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No one knows what it is that determines when an epileptic will have seizures. The only thing we can predict about epilepsy is that it's unpredictable. Some pets appear to have seizures very regularly, while in others, the seizures appear to be precipitated by specific events such as stress, or changes in the weather. However, when we try to use what's happened in the past to predict when the next seizure may occur, we usually aren't very successful. For many epileptics, there is no pattern to their seizures.

Idiopathic epilepsy is a diagnosis by elimination. That is, we look for other causes of seizures and if we can't find any, we make the diagnosis of idiopathic epilepsy. How aggressively we search for an underlying cause is a matter of clinical judgement. We always recommend a minimum work-up for any dog having seizures. This will provide us with clues to a possible underlying disease and provide the baseline from which to watch for potential side effects of antiepileptic drugs.

Since your veterinarian may not witness one of your pet's seizures, they are very dependant upon your description of the episode. This will help them decide whether these events are indeed seizures. Other problems such as fainting or dizzy spells can also come and go like seizures and may look similar to the untrained eye. Thus, your veterinarian will need a clear description of what you observe during the episode to help make that distinction. They will also be determining what type of seizure your pet is experiencing. Write down a description of what you saw as soon as possible after the episode. If you can, make a videotape of the episode to show your veterinarian or the neurologist.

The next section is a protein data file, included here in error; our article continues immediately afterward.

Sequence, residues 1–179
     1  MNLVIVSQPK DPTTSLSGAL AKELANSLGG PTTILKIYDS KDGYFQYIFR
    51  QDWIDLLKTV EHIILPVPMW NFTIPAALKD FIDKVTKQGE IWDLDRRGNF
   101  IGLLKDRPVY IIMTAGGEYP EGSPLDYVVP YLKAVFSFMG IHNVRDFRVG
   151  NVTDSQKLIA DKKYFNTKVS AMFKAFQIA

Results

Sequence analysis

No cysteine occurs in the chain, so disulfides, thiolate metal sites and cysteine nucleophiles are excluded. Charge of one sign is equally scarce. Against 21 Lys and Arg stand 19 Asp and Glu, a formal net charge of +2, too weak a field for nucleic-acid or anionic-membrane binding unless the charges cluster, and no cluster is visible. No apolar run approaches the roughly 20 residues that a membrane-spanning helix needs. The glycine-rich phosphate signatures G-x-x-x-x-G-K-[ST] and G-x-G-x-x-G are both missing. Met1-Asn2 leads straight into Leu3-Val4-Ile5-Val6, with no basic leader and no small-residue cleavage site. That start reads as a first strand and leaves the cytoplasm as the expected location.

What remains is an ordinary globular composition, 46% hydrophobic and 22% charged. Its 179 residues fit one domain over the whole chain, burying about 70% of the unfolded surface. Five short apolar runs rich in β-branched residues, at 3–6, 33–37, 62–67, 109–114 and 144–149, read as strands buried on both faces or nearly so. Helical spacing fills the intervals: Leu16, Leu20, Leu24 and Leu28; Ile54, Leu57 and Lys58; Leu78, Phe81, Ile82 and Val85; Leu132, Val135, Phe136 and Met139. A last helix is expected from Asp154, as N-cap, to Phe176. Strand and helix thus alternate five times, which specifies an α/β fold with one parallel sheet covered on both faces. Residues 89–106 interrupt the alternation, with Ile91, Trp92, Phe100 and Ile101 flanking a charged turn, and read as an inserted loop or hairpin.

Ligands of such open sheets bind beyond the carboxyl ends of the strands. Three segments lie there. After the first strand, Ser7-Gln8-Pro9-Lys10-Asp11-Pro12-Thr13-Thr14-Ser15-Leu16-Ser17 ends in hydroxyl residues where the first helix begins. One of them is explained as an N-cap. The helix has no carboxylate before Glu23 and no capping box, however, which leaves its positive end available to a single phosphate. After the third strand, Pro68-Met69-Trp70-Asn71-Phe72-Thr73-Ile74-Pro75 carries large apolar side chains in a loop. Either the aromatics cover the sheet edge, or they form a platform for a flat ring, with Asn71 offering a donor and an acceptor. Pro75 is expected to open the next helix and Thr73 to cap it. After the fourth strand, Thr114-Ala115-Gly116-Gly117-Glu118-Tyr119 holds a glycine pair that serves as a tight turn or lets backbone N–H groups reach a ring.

In order to rule out some diseases, we would need further tests. If the animal is outside the 1-3 year old range when idiopathic epilepsy typically starts, or has any abnormalities on examination that hint of a cause, we strongly recommend such testing. Your veterinarian may refer you to a neurologist for some of these tests. Even if an animal is within the "idiopathic epilepsy" age range, we can't be sure it's idiopathic unless we perform the full compliment of tests. One study (Podell 1995) showed that over 1/3 of the dogs between 1 and 5 years of age had an identifiable cause for the seizures. Thus we can make a case for aggressive testing in any epileptic dog, but need to weigh the additional cost involved into the equation.The electroencephalogram (EEG) is a useful tool in diagnosing epilepsy, but has serious drawbacks in animals. When we see abnormalities in the EEG, that tells us this is indeed a seizure and may help us pinpoint the source. The trouble is, those EEG abnormalities, like the seizures, can come and go. If they don't happen while we are recording the EEG, we will not see them. Recording an EEG in an awake animal is difficult, so we often have to sedate or anesthetize them to get an adequate recording. The drugs used for the sedation/anesthesia also affect the EEG. Thus, we often make the diagnoses of epilepsy based on the clinical signs and don't require EEG confirmation of the disease.

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